I lean in and take a closer look.
There is something IN HIS EAR.
Instant panic. Is it a bug? Is it poop (he was just in the bathroom)? Is it some other foreign object with which I am less familiar? I grab his hand and leave.
Sitting in the car I’m thinking, “What the actual f*ck is in your ear?” and I am not getting any straight answers. He is clearly exercising his right to plead the fifth. I call the pediatrician, who closes at 4:00, and hope they answer. They answer! I tear out of the parking lot, grilling this poor kid the whole way.
It took the entire drive to the office to get the full story. Apparently a little girl (who will not be named) was eating…wait for it….RAISINS at lunch and decided to put some in his ear. While listening I am wondering, Were you a willing participant in all this? Did she assault you? Should I tell the school? What the f*ck does a parent do in this situation? Also, note to this young lady with the raisins: not the way to make friends!
Once inside the office the panic begins to subside. Luckily we have an amazing pediatrician who was willing to see us right away and calmly removed said RAISIN from William’s ear…all while providing a teachable moment in a stern doctor voice.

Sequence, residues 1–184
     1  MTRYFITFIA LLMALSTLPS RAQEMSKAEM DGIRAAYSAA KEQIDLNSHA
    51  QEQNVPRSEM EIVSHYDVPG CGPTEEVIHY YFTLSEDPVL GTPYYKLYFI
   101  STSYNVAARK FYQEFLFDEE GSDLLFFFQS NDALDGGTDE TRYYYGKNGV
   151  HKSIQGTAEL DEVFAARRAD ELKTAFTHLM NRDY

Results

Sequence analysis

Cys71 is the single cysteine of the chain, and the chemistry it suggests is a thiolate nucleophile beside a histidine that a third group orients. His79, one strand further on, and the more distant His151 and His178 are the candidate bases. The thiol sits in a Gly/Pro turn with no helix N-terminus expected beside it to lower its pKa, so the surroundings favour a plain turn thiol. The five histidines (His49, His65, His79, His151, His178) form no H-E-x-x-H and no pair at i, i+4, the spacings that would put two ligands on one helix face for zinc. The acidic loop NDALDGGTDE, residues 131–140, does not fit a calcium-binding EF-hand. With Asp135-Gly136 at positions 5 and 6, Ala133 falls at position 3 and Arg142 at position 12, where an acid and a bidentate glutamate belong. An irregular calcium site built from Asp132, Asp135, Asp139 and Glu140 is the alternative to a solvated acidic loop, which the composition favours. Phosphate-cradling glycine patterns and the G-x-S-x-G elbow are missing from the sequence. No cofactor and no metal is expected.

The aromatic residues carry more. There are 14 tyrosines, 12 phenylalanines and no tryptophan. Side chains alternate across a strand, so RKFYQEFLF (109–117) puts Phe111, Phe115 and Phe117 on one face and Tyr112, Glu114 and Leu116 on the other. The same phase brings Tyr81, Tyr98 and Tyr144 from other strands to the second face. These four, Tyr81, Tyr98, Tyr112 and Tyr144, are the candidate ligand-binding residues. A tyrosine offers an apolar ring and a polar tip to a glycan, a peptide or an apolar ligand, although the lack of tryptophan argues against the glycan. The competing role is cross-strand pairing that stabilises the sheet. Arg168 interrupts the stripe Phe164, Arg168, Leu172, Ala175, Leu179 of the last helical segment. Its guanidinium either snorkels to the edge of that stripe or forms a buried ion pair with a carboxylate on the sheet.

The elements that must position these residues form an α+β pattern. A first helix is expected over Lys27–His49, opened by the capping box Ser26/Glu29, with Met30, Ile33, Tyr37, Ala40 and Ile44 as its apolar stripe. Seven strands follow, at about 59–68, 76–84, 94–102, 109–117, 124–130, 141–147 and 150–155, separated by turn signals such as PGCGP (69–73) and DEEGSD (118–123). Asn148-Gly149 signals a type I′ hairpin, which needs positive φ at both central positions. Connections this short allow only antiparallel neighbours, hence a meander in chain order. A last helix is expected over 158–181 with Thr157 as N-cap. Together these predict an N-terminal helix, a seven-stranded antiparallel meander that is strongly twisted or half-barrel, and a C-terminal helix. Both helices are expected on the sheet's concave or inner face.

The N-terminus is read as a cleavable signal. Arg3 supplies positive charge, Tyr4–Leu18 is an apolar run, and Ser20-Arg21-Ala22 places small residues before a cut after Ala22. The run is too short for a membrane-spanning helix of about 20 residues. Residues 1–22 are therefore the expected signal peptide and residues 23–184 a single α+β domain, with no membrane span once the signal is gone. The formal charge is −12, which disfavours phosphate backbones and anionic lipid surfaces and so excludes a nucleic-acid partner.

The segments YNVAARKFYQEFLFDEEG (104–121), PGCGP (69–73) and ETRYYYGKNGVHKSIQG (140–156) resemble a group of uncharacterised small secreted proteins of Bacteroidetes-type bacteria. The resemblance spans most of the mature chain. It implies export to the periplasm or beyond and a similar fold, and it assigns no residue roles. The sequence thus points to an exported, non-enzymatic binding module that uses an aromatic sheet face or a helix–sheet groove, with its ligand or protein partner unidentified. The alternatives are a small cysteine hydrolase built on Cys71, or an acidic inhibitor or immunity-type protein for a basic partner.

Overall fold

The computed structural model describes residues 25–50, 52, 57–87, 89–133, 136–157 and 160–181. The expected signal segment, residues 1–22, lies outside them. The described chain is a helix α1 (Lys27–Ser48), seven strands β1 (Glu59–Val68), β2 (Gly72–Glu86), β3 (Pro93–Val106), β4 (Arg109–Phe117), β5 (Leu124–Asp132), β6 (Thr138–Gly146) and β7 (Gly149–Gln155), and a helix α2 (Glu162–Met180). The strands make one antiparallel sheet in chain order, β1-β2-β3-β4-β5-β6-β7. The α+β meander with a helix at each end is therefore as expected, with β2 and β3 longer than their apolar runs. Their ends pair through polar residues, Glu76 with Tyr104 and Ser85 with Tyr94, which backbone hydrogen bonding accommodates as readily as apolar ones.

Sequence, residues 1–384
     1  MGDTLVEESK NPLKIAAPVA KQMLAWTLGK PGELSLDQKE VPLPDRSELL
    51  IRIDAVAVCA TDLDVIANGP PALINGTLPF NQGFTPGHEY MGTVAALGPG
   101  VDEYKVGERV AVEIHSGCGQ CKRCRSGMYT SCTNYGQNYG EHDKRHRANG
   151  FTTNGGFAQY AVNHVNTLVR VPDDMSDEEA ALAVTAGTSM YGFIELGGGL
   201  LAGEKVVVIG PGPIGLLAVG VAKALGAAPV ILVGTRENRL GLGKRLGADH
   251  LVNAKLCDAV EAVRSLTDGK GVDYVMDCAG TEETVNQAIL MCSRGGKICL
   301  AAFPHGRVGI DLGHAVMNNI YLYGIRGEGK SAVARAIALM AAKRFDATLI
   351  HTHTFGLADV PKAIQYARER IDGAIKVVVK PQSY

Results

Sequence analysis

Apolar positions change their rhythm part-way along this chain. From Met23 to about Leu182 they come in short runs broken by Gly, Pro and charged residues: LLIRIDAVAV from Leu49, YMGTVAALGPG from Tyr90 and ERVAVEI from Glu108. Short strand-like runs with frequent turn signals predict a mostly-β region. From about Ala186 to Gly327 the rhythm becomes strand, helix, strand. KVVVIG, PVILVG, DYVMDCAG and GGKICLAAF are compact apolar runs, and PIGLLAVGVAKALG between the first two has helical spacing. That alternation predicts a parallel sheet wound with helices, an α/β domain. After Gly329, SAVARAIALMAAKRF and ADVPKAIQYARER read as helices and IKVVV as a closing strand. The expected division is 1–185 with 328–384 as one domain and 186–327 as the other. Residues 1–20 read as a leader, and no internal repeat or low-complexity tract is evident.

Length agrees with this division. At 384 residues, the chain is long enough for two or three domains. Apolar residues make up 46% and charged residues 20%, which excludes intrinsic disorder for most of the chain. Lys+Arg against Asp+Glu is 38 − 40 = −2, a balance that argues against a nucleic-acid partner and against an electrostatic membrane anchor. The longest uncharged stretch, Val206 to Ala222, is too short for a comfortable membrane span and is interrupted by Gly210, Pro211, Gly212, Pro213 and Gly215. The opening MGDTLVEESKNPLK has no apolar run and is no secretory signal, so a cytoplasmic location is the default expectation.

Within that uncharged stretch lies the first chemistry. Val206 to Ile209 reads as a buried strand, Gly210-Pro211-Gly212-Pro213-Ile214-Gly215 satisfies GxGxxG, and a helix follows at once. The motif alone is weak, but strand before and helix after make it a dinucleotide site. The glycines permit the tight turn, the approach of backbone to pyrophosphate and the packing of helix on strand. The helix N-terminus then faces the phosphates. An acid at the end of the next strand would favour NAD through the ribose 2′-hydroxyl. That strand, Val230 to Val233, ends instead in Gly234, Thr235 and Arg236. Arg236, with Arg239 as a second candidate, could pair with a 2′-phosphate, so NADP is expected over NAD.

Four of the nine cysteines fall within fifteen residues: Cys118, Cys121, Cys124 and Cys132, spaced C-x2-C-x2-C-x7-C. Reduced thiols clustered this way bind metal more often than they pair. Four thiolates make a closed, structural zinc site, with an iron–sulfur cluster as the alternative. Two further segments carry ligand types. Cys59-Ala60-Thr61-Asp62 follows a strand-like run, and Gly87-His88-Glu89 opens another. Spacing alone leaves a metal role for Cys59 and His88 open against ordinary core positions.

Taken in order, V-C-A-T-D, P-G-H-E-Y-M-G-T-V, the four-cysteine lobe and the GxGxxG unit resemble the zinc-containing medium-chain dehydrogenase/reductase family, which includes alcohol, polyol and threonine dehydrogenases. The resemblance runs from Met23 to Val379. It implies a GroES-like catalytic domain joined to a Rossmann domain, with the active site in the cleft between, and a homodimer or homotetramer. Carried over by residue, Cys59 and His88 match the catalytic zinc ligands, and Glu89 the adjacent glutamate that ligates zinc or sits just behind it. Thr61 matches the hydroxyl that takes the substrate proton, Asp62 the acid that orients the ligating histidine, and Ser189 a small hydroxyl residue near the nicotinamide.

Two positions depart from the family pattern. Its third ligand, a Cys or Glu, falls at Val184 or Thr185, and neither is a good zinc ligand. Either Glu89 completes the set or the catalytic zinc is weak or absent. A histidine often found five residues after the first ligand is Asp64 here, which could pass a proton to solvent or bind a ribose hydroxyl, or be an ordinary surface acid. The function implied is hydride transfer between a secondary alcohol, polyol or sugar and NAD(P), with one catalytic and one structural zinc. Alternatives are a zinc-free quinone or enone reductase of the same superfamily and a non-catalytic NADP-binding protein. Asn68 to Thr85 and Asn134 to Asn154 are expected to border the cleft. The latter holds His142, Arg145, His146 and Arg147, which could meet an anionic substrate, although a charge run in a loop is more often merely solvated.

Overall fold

The whole drive home, after the raisin extraction, I was thinking to myself what is the name of that cartoon…with the raisins who play instruments…they are in a band?…
Robin, I believe you’re referring to the Emmy Award-winning band, The California Raisins, who catapulted to popularity in the mid-1980s.
Now that things have settled down, I think you and your son can both enjoy (and hear) a trip down memory lane…
Any other surprising social media post-spottings out there?
A few weeks ago at work, I overheard someone say, “A.S.M.R.” Normally when I overhear things at work, I stare at my computer screen for a minute, open my Google doc titled, “New Ways to Avoid People,” and start furiously typing.
This time I hesitated for only a moment before popping up and walking two cubicles down.